Know Your Foreign Export Broker!
BY RYAN C. SIDEN
Can a U.S. corporation be held responsible when its foreign export broker conceals the true end-user? Yes, it can!
In 1998, an executive from a small technology company in Massachusetts participated in a trade junket to Communist China. There, the executive hired two Chinese brokerage companies who seemed efficient middlemen for dealing with Chinese customers.
Flush with success over having landed over $3 million in equipment sales, the executive instructed the company's export compliance officer to apply for an export license from Department of Commerce (DOC) for shipping the device to China.
The application, however, was denied because the end-user could alter the device for use within nuclear weapons.
The next time that a Chinese end-user wanted a product of the company, it came under a different designation that did not require a license so long as the broker provided the company with a formally stamped end-user certificate representing that the second device had no ulterior end-use within a nuclear weapon. The company shipped the device the following year.
One month later, the DOC opened a formal investigation into the shipment of this second device, and federal law enforcement agencies conducted a SWAT-style raid on the company's headquarters, seizing all computers, computer records and boxes of documents involving the two different devices.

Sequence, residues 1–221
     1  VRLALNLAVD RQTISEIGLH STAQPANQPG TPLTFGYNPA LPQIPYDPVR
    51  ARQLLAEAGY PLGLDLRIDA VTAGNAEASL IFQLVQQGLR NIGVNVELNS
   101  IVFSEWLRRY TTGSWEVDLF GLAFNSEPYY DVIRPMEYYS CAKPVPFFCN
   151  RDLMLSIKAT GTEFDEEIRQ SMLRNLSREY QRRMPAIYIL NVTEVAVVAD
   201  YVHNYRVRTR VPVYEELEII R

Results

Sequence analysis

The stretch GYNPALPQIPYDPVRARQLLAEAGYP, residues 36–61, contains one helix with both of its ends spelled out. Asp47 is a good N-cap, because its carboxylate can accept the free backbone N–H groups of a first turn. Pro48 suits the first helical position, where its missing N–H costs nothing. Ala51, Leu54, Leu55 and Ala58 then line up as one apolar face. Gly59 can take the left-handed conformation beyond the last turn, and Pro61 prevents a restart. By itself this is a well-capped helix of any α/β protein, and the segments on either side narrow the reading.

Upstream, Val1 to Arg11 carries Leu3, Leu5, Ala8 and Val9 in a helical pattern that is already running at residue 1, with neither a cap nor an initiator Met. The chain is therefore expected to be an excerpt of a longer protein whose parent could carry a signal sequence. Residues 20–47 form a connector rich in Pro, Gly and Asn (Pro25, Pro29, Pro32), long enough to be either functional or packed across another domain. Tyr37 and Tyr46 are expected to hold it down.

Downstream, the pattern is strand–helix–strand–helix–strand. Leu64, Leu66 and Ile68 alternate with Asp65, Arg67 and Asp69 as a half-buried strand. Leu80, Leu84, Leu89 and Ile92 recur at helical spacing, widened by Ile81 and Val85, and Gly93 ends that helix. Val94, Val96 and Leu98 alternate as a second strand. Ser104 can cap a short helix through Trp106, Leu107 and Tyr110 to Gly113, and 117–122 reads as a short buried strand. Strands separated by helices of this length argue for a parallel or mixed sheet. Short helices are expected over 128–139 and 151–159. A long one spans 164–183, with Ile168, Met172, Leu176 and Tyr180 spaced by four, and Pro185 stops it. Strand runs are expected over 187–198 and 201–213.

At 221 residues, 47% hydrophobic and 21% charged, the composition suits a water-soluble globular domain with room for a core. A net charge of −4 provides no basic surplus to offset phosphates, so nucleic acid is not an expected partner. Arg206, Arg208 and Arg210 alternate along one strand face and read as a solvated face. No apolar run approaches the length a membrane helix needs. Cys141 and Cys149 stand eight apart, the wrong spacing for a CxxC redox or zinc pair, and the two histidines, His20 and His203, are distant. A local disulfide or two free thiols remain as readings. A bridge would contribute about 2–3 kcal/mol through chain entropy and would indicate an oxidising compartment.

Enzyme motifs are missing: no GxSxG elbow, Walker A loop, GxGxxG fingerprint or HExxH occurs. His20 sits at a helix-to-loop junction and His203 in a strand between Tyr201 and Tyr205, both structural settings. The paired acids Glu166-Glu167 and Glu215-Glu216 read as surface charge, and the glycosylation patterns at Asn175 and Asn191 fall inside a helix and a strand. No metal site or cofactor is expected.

In 2003, the Department of Justice indicted the company and the executive for criminal conspiracy to violate the Export Administration Enforcement Act of 1979, in addition to other charges. During the discovery phase of the criminal proceeding, the executive learned for the first time that the Chinese brokers he engaged were well-known by the DOC for attempting to buy restricted technology out of the United States for the benefit of China's military/industrial complex.
The moral of the story? If you have any doubts about the foreign broker you are conducting business with, whether or not they are in a restricted country, perform a background check. If you do discover a situation that concerns your compliance with the export regulations, consult legal counsel immediately.
The best practice before engaging a foreign export broker is to consult the checklists of the U.S. Bureau of Industry & Security on their Web site, (www.bxa.doc.gov/ComplianceAndEnforcement/index.htm). Some lists to consult are: How do I avoid dealing with Unauthorized Parties? The Denied Persons List; The Unverified List; The Entity List; The Specially Designated Nationals List, and The Debarred List.
Comment: Investigate your choice of foreign export broker carefully to avoid possible prosecution and debarment from federal contracts.
© ASSOCIATION OF INDEPENDENT GENERAL COUNSEL 2005; (all rights reserved). This article is not intended as legal advice. Consult a qualified attorney for assistance concerning a specific issue or problem.